11.9In relation to the UK opt-in he writes:

“The Committee asked whether the UK still asserts that the UK opt-in is engaged despite the UK acceptance that there should be no legal base from Title V TFEU; and how the provisions of the PCA in which the opt-in is asserted will be reflected in the legal text, and whether or not the UK intends to opt-in. In light of the Philippines CJEU judgment—which clarified that readmission provisions such as those in the Iraq PCA should not be considered to be JHA content—the Government does not consider that there are obligations in the text of the Iraq PCA that trigger the UK’s JHA opt-in Protocol.”

11.10In relation to transparency as to the exercise of competence he writes:

“The Committee asked whether the text submitted to the European Parliament indicates or delimits the extent to which the EU is exercising competence; I can confirm that the text does not delimit the extent to which the EU and member states are exercising competence. I do not judge that further action, such as a minute statement, is required on this occasion to confirm that the EU is exercising exclusive competence.”

11.11In relation to relations with Iraq after Brexit he writes:

“The Committee raised the issue of continuing the PCA on a bilateral UK-Iraq basis after the UK’s exit from the EU, or after the expiry of any transitional/implementing period. DExEU has led cross-government work to assess the international agreements that will need to be replaced, or amended, as a result of the UK’s exit from the EU. The priority is to avoid unintended changes in our relationships with third countries and international organisations. We are not seeking to re-open or renegotiate the substantive content of agreements.

“We are seeking to continue the effect of the PCA with Iraq as we withdraw from the EU. The FCO is responsible for this work and officials visited Baghdad in January this year for constructive discussions with the Government of Iraq on transitioning the PCA. The UK will continue to work with Iraq to ensure continuity in the effect of our current arrangements as we exit the EU, including as we move into any agreed implementation period.”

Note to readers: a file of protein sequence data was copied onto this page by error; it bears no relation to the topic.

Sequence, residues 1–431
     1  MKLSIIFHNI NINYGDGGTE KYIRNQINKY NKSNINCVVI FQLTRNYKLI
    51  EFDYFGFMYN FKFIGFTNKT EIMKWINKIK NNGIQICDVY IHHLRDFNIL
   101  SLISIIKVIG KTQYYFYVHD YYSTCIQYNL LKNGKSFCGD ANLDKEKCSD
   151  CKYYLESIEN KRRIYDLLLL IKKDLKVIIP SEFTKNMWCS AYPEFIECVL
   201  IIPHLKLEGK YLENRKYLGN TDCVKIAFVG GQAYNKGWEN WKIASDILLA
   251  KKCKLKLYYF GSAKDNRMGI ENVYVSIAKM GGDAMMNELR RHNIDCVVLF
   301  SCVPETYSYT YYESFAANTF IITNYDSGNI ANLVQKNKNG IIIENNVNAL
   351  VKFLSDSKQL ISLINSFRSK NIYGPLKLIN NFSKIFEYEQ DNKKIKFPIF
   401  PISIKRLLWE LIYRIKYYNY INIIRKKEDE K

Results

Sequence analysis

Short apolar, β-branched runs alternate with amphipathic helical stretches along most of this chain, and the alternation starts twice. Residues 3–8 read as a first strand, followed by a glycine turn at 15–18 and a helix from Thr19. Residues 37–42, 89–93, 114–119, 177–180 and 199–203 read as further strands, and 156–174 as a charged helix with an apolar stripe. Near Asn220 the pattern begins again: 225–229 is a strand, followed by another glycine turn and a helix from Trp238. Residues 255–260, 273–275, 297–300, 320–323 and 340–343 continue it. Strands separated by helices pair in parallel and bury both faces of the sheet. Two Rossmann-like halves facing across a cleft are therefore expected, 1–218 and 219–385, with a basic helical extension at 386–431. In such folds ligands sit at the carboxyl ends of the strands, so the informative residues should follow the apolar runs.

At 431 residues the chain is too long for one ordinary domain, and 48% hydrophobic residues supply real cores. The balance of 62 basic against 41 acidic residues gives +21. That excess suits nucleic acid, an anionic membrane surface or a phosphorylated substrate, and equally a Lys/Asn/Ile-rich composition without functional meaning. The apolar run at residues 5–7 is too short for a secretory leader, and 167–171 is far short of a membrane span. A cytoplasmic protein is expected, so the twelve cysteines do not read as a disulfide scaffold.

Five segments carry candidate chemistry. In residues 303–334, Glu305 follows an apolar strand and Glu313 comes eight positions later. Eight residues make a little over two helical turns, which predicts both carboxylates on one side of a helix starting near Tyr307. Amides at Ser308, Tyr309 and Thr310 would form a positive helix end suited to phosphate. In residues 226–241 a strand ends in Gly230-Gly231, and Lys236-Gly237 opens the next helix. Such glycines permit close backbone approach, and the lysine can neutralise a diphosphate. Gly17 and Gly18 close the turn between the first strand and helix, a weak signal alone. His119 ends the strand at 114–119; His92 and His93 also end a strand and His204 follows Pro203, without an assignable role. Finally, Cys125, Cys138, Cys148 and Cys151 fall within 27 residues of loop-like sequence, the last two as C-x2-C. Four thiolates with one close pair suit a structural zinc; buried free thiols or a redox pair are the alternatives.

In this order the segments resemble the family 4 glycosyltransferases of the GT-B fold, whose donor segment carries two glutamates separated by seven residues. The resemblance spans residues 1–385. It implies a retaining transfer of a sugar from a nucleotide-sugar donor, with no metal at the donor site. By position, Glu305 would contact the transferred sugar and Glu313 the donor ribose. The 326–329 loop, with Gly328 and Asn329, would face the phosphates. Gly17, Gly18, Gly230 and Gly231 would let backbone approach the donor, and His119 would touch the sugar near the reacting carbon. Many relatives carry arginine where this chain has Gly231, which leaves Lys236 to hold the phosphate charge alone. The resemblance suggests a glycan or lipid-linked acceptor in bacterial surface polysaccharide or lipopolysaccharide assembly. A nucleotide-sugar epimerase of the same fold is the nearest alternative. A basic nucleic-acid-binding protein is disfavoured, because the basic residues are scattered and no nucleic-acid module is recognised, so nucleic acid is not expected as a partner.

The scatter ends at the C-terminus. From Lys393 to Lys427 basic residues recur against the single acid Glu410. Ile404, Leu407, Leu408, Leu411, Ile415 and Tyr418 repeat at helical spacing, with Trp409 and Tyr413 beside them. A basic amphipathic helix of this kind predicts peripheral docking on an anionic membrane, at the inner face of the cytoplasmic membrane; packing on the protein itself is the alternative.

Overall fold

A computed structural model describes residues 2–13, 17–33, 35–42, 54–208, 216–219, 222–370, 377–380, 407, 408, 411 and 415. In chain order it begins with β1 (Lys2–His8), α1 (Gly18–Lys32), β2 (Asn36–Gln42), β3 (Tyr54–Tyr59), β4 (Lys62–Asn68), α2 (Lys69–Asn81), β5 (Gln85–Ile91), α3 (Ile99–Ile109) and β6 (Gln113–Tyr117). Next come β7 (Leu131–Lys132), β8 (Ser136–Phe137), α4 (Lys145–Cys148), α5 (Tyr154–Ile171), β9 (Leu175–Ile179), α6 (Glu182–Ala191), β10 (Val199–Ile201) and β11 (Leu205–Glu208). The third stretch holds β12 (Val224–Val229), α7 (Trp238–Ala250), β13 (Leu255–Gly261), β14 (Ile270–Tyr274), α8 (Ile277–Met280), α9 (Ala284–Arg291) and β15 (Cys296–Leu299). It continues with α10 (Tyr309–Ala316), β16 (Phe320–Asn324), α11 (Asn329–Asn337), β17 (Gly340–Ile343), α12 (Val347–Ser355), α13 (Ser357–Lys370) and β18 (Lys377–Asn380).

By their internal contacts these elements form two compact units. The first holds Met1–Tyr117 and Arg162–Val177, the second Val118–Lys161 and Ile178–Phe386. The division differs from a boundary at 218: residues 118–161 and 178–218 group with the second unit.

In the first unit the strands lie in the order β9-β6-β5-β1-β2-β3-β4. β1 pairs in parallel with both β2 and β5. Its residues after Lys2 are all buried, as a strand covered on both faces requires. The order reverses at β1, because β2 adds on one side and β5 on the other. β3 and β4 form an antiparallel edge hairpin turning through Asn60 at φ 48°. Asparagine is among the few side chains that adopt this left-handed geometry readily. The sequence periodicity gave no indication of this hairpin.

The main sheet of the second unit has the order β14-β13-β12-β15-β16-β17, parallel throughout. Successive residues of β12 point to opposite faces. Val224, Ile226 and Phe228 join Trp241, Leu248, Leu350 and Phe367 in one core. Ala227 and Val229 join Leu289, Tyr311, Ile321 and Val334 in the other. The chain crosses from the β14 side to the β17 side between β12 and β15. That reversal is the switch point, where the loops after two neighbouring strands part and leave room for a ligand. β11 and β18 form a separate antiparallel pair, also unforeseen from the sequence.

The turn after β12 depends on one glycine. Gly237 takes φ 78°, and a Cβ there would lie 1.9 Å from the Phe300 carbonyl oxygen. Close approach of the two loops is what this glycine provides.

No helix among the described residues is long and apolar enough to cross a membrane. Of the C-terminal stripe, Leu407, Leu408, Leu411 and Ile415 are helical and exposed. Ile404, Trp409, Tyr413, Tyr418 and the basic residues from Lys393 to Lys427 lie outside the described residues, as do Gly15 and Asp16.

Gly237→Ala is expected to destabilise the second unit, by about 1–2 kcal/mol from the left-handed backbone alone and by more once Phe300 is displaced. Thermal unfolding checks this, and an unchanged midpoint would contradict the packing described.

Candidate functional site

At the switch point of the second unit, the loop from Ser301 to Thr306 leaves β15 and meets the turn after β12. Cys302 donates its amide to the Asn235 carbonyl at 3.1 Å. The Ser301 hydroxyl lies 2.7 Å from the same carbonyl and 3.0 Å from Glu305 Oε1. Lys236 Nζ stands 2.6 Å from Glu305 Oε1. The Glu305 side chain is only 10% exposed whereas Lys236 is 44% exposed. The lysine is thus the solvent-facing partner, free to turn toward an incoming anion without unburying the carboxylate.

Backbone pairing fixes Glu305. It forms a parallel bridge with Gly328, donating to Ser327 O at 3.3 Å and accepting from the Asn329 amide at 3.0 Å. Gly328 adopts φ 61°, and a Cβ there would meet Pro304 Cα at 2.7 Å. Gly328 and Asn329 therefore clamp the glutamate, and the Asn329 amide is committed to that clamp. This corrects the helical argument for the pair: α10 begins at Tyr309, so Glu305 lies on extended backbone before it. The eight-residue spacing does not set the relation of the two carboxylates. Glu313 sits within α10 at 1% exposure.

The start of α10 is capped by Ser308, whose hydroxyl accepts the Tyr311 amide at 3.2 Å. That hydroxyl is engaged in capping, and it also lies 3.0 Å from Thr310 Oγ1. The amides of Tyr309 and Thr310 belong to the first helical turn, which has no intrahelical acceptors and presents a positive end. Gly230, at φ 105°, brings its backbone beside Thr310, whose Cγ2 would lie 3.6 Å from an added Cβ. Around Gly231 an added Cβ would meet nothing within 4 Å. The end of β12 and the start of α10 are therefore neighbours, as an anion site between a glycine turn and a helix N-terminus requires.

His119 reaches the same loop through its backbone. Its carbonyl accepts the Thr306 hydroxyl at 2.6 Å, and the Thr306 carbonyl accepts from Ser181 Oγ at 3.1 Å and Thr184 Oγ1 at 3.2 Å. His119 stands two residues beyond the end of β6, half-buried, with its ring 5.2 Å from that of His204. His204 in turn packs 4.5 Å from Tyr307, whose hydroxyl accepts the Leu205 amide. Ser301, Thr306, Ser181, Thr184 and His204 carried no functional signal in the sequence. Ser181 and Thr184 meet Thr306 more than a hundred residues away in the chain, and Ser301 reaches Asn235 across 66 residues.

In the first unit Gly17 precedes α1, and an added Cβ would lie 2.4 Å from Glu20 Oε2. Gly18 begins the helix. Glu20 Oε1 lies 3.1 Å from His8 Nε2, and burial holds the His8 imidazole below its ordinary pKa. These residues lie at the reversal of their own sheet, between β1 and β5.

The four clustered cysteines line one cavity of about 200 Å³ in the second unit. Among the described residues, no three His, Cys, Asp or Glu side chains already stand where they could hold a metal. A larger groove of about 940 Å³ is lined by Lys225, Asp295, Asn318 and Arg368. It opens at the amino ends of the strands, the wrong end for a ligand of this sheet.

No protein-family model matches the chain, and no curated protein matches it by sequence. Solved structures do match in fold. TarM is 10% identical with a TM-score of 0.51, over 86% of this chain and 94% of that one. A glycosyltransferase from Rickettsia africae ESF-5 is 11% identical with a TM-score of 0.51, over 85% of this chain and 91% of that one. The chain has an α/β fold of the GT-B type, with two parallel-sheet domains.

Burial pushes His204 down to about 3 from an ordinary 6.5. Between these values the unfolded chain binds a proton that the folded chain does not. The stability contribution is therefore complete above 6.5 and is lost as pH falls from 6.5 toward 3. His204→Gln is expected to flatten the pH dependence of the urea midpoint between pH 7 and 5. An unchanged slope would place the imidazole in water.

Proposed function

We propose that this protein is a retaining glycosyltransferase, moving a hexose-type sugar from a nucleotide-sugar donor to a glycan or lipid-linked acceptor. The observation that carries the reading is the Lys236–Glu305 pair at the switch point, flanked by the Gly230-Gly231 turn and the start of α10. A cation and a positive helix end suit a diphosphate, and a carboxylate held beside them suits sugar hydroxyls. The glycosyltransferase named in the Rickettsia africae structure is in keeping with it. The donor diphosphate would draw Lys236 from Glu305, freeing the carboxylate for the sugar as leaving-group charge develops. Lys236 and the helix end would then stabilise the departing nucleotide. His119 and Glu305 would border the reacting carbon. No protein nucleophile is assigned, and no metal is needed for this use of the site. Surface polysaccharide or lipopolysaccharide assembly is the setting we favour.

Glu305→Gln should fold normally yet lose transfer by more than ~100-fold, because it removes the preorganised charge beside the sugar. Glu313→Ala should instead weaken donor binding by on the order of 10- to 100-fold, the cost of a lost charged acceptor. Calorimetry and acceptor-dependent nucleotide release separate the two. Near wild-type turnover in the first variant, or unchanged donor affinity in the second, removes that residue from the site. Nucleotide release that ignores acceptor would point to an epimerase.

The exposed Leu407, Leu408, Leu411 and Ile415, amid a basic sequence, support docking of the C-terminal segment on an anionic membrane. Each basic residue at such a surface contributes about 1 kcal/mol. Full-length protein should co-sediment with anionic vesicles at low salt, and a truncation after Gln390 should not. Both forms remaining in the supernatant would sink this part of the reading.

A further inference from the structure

11.12Finally, the Minister addresses future UK-EU relations in foreign and security policy in the context of Iraq:126

“With regard to the Implementation Period of the EU Iraq Strategy, the precise nature of our institutional engagement with the EU in foreign and security policy remains subject to negotiation.

“The UK is committed to building an enhanced partnership with the EU on security, defence and foreign policy issues. However, we are leaving the European Union and will not seek participation at these meetings on the same basis as EU members. Nevertheless, given our historic ties and shared values, it is likely that the UK and the EU will continue to pursue the same goals and will therefore want to cooperate closely on common foreign policy challenges. This will include close consultation in a range of fora. Attending the Political and Security Committee and the Foreign Affairs Council, for example, is not the only means through which we can achieve this, nor is it the only way in which the UK can continue to have influence over EU foreign policy.

“It is worth underlining that there is no pre-existing model for cooperation between the EU and external partners which replicates the full scale and depth of the collaboration that currently exists between the UK and the EU. However, given that there is no legal or operational reason why such an agreement could not be reached, we want to establish an enhanced partnership that reflects the unique position of the UK.”

Previous Committee Reports

Sixteenth Report HC 301–xvi (2017–19) chapter 7 (28 February 2018).

125 Shared competence can be exercised by ether the EU or the Member States, the choice is political.

126 See our first Report (listed below) which also considered a Joint Communication by the European External Action service and the Commission on Elements for an EU strategy on Iraq.

Published: 8 May 2018